Although I originally intended to write a review of Klosterman’s new book, this psychological and artistic trend baffled me. What is it that attracts some to artistic enterprises while it leaves others unaffected by their spell? Perhaps, I pondered, it is the existential need to be part of something larger. Some want to be part of the Twilight world, with its pale emo-looking teenagers and vampires, while others would rather crawl into bed with someone like Klosterman—not literally—and take a bite of his satire and wit. True to my open-minded nature, I decided it certainly wouldn’t be fair to dismiss Twilight without giving the melodramatic teenage love story a chance. This is how the multi-million dollar saga begins: “I’d never given much thought to how I would die - though I’d had reason enough in the past few months - but even if I had, I would not have imagined it like this.” Now, this is how Sex, Drugs, and Cocoa Puffs begins (not to mention how much more alluring the title is): “No woman will ever satisfy me. I know that now, and I would never try to deny it. But this is actually okay, because I will never satisfy a woman, either.” (Fascinating happenstance connection between Klosterman and Meyers: his first chapter is actually called “This is Emo”!)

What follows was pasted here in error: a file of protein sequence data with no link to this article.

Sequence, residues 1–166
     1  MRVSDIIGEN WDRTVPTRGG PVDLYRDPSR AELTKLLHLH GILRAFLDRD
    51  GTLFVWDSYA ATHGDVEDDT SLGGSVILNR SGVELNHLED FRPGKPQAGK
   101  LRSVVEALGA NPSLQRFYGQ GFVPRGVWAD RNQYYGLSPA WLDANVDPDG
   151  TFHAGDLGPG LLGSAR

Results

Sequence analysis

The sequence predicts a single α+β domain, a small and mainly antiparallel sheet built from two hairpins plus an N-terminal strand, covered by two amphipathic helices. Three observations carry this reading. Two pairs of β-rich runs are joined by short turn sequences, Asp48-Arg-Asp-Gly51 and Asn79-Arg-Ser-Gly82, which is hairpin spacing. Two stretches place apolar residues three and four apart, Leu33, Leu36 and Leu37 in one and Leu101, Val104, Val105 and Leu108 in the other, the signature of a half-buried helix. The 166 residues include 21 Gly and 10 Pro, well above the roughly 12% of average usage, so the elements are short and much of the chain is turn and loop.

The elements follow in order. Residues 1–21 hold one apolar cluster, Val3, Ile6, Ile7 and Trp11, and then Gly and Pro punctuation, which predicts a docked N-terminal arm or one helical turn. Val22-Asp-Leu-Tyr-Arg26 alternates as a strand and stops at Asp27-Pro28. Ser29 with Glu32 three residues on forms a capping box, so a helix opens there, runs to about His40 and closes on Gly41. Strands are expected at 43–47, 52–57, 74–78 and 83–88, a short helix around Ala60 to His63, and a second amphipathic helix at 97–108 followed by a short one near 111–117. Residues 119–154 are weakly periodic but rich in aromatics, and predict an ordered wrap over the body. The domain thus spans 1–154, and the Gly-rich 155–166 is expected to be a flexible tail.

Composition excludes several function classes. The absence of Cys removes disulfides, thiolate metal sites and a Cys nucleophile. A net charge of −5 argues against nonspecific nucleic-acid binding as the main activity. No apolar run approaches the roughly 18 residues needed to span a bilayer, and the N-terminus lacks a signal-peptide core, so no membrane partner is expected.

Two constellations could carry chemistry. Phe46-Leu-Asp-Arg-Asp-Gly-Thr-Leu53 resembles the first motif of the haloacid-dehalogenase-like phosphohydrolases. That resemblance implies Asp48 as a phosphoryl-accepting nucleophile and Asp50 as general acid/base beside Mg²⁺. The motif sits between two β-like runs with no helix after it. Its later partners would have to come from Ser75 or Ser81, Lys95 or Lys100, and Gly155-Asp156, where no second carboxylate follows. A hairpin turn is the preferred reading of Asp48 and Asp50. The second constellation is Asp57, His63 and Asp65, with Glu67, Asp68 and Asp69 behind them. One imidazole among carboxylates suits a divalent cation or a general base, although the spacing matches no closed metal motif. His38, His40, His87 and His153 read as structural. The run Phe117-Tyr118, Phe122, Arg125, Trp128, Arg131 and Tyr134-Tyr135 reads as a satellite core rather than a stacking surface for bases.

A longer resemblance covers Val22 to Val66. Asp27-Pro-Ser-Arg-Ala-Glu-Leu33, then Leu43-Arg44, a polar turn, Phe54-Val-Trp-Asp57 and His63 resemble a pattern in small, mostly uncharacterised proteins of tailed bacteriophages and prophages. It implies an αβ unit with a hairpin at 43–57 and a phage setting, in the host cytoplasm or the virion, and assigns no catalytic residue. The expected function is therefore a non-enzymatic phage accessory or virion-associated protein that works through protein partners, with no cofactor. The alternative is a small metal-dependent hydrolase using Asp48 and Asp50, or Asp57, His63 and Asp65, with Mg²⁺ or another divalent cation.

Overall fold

I admit that I am majoring in English Literature, and therefore might be slightly more selective and demanding when it comes to the syntax and content of the novels I read, but I would wager that even the less enthusiastic reader would prefer to read about Klosterman’s inability to be satisfied by or satisfy a woman than Meyer’s narrator’s thoughts of death. While I am not approaching either of these pieces as a self-help book, as neither death nor dissatisfaction puts a smile on my face, I feel as though it comes down to the following: I want to read what I care about. So while many teenagers (and adults as well) are looking to be transported into a world of mythical creatures, I am looking for someone else who is trying to figure out life and is expressing his or her ideas with endless snide, but brilliant, comments and references to pop culture icons - that’s Klosterman in a nutshell. Though I am happy with my decision to choose Sex, Drugs, and Cocoa Puffs over Twilight, am I really turning into a cynic only interested in the somewhat-philosophical rants of a witty stranger? Where are the days of fantasy and magic—have I really given up?